Now is the time

African-American Shakespeare Company meets the future with a re-visioned classic

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AASC's new artistic director L. Peter Callender is King Agamemnon to Traci Tolmaire's Iphigenia in "IPH..."

arts@sfbg.com

STAGE The recent appointment of L. Peter Callender as artistic director of the African-American Shakespeare Company is exciting news, and not only for the San Francisco–based operation founded in 1994 by Sherri Young. With the Lorraine Hansberry Theatre recently rocked (though thankfully not tumbled) by the untimely deaths this year of its founding directors, Stanley E. Williams and Quentin Easter, the revitalization of a serious theater devoted to "coloring the classics" comes as especially welcome and timely. Moreover, the arrival of Callender — who, as a preeminent Bay Area actor for two decades, brings excellent experience and connections — promises a broadening of AASC's programming as much as an overall increase in proficiency.

Case in point is AASC's first outing under Callender's leadership, IPH ..., Irish playwright Colin Teevan's 1999 adaptation of Euripides' Iphigenia in Aulis. The U.S. premiere, directed by Dylan Russell, proves an uneven production, but it offers energy, invention, and, not least, Callender himself in a central role. Indeed, whatever its limitations, IPH ... has no trouble expanding to fit the cavernous Brava Theater (coproducer for this season opener), which says something about the heft of the company now and going forward.

Callender plays King Agamemnon, leader of the Greek forces assembled at Aulis, en route to make war on Troy, whose Prince Paris has made off with Greek beauty Helen, wife of Agamemnon's brother and Sparta's king, Menelaus (Dorian Lockett). It's a family affair, in other words, to which whole nations of people are unfortunately tied. But before the slaughter commences on the battlefield, Agamemnon must sacrifice one of his very own: beloved daughter Iphigenia (a warm and spirited Traci Tolmaire). A soothsayer has told him it is the condition under which the goddess Artemis will release his ships, now stranded in a dead calm.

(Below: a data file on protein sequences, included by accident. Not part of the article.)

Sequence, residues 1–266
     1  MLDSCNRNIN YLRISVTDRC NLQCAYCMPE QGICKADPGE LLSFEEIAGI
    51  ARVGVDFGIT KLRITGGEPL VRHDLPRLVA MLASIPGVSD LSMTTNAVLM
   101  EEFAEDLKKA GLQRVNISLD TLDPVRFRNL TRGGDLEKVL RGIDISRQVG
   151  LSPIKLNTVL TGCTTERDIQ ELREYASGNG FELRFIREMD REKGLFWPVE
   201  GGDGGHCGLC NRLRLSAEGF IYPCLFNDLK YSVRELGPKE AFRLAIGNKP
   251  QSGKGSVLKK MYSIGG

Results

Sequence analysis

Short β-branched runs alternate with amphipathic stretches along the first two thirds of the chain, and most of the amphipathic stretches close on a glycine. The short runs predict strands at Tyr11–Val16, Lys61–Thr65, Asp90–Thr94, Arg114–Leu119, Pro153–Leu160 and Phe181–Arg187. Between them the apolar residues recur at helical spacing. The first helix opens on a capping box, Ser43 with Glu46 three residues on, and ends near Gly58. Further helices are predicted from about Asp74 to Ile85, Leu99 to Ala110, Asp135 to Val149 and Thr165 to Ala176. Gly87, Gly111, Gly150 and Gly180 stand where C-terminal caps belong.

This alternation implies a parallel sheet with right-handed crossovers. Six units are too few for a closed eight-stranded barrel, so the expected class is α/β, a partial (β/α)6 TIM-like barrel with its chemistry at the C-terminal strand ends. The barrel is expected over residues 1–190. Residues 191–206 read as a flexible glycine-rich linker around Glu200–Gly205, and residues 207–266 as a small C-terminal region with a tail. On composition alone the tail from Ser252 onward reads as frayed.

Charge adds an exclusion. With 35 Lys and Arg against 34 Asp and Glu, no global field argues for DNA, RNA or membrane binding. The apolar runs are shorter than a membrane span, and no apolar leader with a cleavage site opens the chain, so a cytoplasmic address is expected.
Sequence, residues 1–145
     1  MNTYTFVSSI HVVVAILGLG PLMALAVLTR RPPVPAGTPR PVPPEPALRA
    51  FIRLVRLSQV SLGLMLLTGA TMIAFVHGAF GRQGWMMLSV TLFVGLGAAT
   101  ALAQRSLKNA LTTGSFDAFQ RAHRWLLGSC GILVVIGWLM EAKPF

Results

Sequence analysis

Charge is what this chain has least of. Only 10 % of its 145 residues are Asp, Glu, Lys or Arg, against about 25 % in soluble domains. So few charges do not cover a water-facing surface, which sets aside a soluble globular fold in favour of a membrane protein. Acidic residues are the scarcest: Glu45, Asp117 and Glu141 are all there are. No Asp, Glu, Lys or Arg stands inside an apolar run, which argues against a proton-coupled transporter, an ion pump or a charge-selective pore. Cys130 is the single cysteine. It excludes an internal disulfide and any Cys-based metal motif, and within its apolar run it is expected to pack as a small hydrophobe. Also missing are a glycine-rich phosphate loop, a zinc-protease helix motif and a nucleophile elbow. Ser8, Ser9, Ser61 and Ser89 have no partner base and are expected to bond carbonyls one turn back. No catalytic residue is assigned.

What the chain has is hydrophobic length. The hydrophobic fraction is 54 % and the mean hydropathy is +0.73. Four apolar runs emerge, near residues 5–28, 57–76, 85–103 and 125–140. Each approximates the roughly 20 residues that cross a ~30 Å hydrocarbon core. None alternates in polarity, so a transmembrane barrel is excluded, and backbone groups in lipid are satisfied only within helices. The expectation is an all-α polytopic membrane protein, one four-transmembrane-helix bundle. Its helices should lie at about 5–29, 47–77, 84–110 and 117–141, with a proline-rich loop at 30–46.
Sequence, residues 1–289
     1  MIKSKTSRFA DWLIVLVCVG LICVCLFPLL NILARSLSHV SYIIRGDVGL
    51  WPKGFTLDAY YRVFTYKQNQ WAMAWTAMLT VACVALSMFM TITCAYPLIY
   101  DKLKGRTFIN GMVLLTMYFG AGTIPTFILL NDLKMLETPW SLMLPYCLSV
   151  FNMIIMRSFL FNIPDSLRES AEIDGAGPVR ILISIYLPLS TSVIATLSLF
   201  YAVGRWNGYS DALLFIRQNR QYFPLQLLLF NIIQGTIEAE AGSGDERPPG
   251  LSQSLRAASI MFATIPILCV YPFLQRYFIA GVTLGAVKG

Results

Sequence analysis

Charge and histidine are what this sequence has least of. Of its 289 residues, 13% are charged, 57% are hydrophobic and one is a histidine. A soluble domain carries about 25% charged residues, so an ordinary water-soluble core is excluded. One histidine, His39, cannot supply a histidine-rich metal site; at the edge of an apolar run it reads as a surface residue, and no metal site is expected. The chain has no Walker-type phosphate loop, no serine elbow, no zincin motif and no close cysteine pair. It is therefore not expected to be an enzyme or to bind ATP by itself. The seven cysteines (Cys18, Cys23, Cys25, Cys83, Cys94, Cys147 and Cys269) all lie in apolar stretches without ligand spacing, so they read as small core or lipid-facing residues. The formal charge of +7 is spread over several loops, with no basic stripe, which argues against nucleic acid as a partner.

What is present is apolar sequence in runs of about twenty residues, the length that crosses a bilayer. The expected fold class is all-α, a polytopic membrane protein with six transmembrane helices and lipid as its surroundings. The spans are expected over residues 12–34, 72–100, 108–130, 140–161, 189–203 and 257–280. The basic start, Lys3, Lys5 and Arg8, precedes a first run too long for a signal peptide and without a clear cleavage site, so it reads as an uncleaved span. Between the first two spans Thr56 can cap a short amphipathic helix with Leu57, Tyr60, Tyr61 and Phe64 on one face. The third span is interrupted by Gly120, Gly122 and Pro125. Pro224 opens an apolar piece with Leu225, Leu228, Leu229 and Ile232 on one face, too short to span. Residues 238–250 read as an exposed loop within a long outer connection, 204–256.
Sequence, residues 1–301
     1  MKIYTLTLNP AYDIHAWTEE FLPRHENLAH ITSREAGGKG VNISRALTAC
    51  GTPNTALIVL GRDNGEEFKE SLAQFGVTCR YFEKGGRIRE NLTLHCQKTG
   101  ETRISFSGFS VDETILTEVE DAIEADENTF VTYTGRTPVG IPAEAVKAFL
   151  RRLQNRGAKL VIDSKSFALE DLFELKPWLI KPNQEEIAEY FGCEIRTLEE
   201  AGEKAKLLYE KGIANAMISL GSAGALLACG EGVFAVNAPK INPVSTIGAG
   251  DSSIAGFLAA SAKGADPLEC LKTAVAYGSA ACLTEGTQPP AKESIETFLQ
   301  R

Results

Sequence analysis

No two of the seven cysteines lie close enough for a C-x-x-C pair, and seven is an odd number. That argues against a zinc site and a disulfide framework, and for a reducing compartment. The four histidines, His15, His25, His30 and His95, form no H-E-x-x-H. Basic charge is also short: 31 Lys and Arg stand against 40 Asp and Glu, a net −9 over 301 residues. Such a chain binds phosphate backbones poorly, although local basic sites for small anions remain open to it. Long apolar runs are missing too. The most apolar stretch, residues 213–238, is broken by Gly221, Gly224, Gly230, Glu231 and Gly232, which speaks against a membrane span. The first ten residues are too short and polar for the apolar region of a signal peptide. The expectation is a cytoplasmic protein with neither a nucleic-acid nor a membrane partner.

In Russell's expansive staging — which includes effective use of Matt McAdon's gracefully sloping three-level set and Wesley Cabral's large video backdrop — Callender's Agamemnon stirs in nightmares at center stage, haunted and agitated like a giant unused to helplessness. Confronted by the bullying of his humiliated brother and facing the wrath of his proud, outraged, and grief-stricken wife, Queen Clytemnestra (an elegant and imposing C. Kelly Wright), Agamemnon musters all his regal strength. Only before his adorable and adoring daughter does he seem barely up to the task at hand. Callender excels as a leader of men brought to the very brink of emotional collapse by this cruel test of allegiance, responsibility, and resolve. (At times, however, disparities in acting ability can make it seem as if the actors onstage are in separate productions, as when Callender and Lockett's kingly brothers square off.)

Of course, leaders of state rarely sacrifice their own in waging war — very much to the contrary. All too easy to have other, far less powerful people sacrifice theirs, hence the importance of ideas of "sacrifice" on behalf of a "nation," whatever that is. (Interestingly, Jon Tracy's In the Wound, currently making its premiere in a production by the Shotgun Players, is an adaptation of the same Greek myth that takes heated exception to this notion of national sacrifice). The drama as adapted by Teevan emphasizes familial conflict and presents us with the ultimately willing figure of Iphigenia, accepting her own death out of paternal love and a sense of civic obligation and a greater destiny. But the play's very title suggests an underlying ambivalence, and Teevan frames the story from the world- and war-weary perspective of an old servant (Peter Kybart), who gives us the tale as a flashback, seen from the other side of 10 years of bloody and pointless conflict.